Tracking and Demoscene discussion.

What's your method

Postby Harmony » Tue May 16, 2006 5:18 pm

Sleep is important. I find I need to sleep on music. I have a much better objective take on it and my subconcious has time to process it and come up with new ideas.


Same. I think taking a step back from your work is essential to getting the best out of it. If I have any doubts about a tune I also try and take a week off from it and then listen to it again, and usually in that time my brain's become objective enough to figure out what's bugging me about it. Peer review can be really valuable too.
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Postby MickRip » Tue May 16, 2006 9:00 pm

Interesting discussion this!

I find that if the sound is right, the music flows automatically; my instincts kick-in. So I spend probably 90% of the time working on my sound. I find myself rarely thinking about the melody/chords/harmony full on. I wouldn't know what key I'm in, what chord I'm using (I could always tell you if asked, but I try to turn that part of my brain off). I could rationalise until the cows come home, but it only serves ruin the point as to why we love music in the first place.

Our appreciation of music is based on a natural love, so the compositional process should be largely the same.

I find my biggest weakness is, as a result of overfamiliarisation, I tend to be too complicated. As a result I never try to tweak. I "just do" as people "just listen". If I ever tweak, it's always subtractive; muting or simplifying tracks. I will also shorten sections to keep the flow happening - I have the belief that if someone really loves something I wrote, they will listen to it twice - no need to make it twice as long!

My tweaking principles are a lot like EQing principals; use subtraction to improve, use addition to change. Even if I feel like changing something, I tend to leave it alone, because if I didn't hate it straight away, you won't either.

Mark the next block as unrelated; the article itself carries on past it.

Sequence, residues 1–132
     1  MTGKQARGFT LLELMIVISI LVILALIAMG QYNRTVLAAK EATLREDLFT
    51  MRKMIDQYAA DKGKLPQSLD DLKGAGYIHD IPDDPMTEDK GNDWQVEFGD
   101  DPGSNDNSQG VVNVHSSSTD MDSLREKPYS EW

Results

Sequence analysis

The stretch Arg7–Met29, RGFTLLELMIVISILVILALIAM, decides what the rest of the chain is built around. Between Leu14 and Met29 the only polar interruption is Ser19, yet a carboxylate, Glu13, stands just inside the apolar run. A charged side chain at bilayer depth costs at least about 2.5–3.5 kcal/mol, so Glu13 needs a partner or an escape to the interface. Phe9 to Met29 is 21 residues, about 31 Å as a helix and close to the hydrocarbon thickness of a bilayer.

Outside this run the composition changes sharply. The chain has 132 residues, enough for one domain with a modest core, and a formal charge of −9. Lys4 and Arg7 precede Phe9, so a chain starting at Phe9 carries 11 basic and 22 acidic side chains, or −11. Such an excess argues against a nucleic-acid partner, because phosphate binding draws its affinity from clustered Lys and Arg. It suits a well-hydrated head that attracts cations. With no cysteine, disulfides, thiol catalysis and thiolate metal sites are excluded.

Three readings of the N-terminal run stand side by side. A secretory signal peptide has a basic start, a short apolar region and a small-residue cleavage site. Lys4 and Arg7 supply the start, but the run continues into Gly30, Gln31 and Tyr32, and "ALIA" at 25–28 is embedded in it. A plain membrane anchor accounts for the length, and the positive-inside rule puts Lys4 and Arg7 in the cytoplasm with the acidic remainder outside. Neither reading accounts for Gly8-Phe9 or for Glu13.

I always look to "lay my idea out on a platter". It'll be rare I'll have more than 2 primary melodic ideas. I could use 10 ideas if I wanted to, I don't think I've EVER run out of inspiration, but I am paranoid I'm being too complicated. I write music like I am trying to make a point, too many points and the true point gets lost.

So perhaps contrary to the babbling of this post :P, I tend to not think too much. If it sounds right, the music will flow. I listen to my instincts nearly ALWAYS. I accept that my natural ability is probably stronger than my rational brain. I will rarely get it wrong the first time.

From a technical point of view, the biggest tip I could give is to learn the concepts behind harmonic balancing. Harmonic-balancing/mixing is something I regard as the most objective part of electronic composition. Get a frequency analyser like Voxengo SPAN, and try thinking in frequencies rather than in musical notes. Our natural ears tend to think that way anyway.
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Postby Sonicade » Wed May 17, 2006 1:01 am

Many interesting points Mick. You have some deep insights into music composition. :)
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Postby dilvie » Wed May 17, 2006 4:14 am

I'm with Mick on much of that post. When I'm not actually laying down music, my brain reverts into analysis mode... always looking for things to change, but I'm not thinking about notes when I'm listening and trying to improve the sound -- I'm thinking about frequency balance.

When I'm writing the notes, I don't think -- I channel. I hear stuff in my head, and just play it. Typically, I'll hit record and just let my fingers land where they want to on my keyboard (I use a MIDI keyboard for note entry).

I've been playing piano all my life, so I don't have to think about what notes sound good together. My fingers just know how to make the sounds I hear in my head.. it's automatic, and while I am forced to believe in natural talent by certain prodigies, I assert that anybody can learn to do the same if they're willing to put in the required practice time.

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